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About kgg

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    Leatherworker.net Regular

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    Ontario, Canada

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    net search on leather sewing machines

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  1. The last time I owned one of those Singer 127 / 128 models was about 10 years ago I got it for $50 from an estate sale in working condition just required the wood work to be refinished. I think people buy them today mostly for a show piece. What I have seen in the used market over the last couple of years here in Ontario is: i) The featherweight Singer 221's asking between $300 - $900 with the white ones closer to $1500. The free arm version always seem to sell for $200 - $300 more. I had a Singer 221 for a short time, nasty little machine, they seem to be popular with the quilter groups as they are light to carry (about 11 pounds) from place to place. ii) I think if someone needs a drop feed domestic the Singer 99K's are pretty bullet proof and can be had for about $200 in excellent condition. iii) Singer 29k's asking range between $400 to $1000 depending condition and on whether they are complete with the original base, flatbed attachment, manual and threading rod. This is up from a couple of years ago from the $200 to $300 range. Why???? I just pickup a 29k-71 with original base and in decent working condition all it needs so far is a little TLC. If it doesn't do what I am hoping it to do I'll sell it in a couple of months. iv) Juki 563 asking range between $900 - $1500 up from $500 - $700 a couple years ago. v) Since Covid 19 the prices have been increasing to point that it is just as well to buy new for what people are asking for used industrial walking foot machines. Just my opinion. kgg
  2. I would say that all the brand name threads are probably within a certain tolerance of one another. The cheaper quality no name brands who knows. The strength would probably be in the far north of a 1000 pounds. kgg
  3. A little more harsh then myself but when I need a good quality item I look at items made in North America first, then Europe, then Japan, then South America with China being a last resort. I have bought fabric out of Paraguay, desktop fabric strip machine for making binding out of Brazil, 3d printers made in Czech Republic and sewing machines made in Japan. kgg
  4. From the information I have see I think it would be be based on the number of stitches per inch. The formula would be the number of stitches per inch X the breaking strength of the thread X the thread loop factor: Example would be: stitches per inch: 5 V69 breaking strength equal: 11 lb thread loop factor for 301 stitch (lockstitch) type: 1.5 and thread loop factor for 401 (chainstitch) type: 1.7 Lockstitch Seam strength = 5 X 11 x 1.5 = 82.5 lbs. Chainstitch Seam strength = 5 X 11 x 1.7 = 93.5 lbs. The reason a chainstitch seam has more strength for the same thread size with the same seam length but there will be about twice the amount of thread used. kgg
  5. I would suggest using 138 in the bobbin. If you use a smaller thread in the bobbin the strength of the seam will be limited to the lesser thread size in the bobbin. If you use a larger thread in the bobbin say 207 the seam strength will be limited to the capacity of the 138 thread on the top. kgg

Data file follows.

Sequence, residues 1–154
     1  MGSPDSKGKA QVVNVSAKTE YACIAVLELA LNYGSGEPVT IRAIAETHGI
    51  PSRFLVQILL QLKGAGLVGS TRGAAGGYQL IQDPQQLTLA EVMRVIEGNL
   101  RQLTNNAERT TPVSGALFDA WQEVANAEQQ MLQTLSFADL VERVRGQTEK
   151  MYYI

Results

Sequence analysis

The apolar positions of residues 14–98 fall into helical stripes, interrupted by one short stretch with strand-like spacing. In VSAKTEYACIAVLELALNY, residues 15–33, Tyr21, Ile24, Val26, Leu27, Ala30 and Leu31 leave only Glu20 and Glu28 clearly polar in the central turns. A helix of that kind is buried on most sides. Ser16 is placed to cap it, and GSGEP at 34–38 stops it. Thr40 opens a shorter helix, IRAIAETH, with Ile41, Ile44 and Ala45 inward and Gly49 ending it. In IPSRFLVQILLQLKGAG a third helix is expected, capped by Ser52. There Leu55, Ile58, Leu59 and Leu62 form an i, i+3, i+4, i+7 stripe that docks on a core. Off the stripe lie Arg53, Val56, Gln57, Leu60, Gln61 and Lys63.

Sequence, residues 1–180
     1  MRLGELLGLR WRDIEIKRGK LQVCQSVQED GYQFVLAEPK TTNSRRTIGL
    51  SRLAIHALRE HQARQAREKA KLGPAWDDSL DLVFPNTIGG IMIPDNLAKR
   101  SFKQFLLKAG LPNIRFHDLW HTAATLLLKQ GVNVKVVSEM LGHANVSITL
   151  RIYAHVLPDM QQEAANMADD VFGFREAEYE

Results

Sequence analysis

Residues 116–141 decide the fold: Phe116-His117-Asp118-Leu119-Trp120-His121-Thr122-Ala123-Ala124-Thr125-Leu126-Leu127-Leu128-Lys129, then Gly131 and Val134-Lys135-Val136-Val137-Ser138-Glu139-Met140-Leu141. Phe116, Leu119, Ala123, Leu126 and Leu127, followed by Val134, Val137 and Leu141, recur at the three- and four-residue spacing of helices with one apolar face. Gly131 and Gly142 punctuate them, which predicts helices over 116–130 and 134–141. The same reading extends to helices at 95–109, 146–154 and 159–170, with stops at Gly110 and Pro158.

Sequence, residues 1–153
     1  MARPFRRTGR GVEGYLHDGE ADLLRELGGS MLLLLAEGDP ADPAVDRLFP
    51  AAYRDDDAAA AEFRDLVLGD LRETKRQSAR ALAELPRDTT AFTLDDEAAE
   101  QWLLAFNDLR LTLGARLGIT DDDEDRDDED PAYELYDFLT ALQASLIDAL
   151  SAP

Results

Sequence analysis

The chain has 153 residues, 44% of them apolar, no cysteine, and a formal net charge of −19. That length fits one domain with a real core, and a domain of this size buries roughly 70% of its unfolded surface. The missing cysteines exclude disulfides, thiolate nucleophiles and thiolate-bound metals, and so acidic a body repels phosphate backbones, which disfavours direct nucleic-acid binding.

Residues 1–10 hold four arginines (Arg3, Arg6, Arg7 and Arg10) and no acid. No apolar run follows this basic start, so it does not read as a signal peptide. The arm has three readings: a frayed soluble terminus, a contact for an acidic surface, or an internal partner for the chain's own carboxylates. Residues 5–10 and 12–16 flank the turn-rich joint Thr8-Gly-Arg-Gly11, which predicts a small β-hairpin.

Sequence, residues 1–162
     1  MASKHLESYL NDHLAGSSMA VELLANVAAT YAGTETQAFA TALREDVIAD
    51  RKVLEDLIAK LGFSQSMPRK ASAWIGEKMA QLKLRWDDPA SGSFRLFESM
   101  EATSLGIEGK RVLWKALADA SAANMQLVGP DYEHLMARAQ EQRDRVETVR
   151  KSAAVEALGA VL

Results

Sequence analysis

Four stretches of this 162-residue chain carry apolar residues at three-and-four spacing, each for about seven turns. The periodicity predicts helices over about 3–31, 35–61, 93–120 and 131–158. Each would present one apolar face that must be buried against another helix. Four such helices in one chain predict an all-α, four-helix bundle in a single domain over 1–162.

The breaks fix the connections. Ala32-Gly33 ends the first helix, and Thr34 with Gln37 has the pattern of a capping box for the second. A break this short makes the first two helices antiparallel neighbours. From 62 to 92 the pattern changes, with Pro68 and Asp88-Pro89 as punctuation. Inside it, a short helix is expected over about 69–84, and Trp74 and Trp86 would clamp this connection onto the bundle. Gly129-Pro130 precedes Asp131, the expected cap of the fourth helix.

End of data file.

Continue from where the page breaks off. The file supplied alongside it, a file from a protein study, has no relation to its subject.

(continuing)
6. I believe in buying good quality tools / equipment not necessarily the best or even new equipment but not the low priced cheap quality stuff unless I am going to treat it like a BIC lighter. If you don't like a particular aspect of the hobby chances are you can resell good quality equipment otherwise you maybe stuck keeping or taking a bath on resale. There is always a market for good used quality equipment. Good quality equipment always lessens the frustration associated with learning something new and helps, at least me, to concentrate on learning. I have always liked good quality equipment that was above my ability level, one less thing to wonder about. Equipment or me, most likely me. I typically try to follow the Buy Once, Cry Once method of buying equipment. It really depends on what someone wants to do and how much money you can afford. Example you can make a leather wallet using thousands of dollars in equipment like clicker presses, electric skiver, electric burnishers, electric sewing machines, etc while at the minimalist end of the scale a box cutter, a little glue, straight edge, some tap water, carpenters hammer, rivet setter, and a few copper rivets. kgg
  7. Thank you. That makes things a lot easier. kgg
  8. I just picked up a 1949 vintage Singer 29k - 71 in decent enough working condition complete with original stand and flat bed attachment. I will be starting the process of cleaning / oiling etc. Has anyone converted their Singer 29k -71 to a 135 x 16 needle system from the 29x4? This would make life a little more simple as only having too have one needle system that is interchangeable between my other machines. kgg
  9. This maybe the norm in India but obviously there is little regard for workers health and welfare. Just not worth the price savings. I agree. kgg
  10. What are you planning on sewing? The 8700 series are drop feed machines not a walking foot machine and made more for fabric sewing. kgg
  11. Have you spoken too or emailed the vendor with some pictures? I would send it back and get a refund. kgg
  12. Some of us come from a generation where "common" sense was common. Today it seems to be in seriously short supply. kgg
  13. It really doesn't say much for their quality control which in turn would also make one wonder about their manufacturing process quality controls. Hope they send a replacement with safer packaging. Hope the deliver person is OK. kgg
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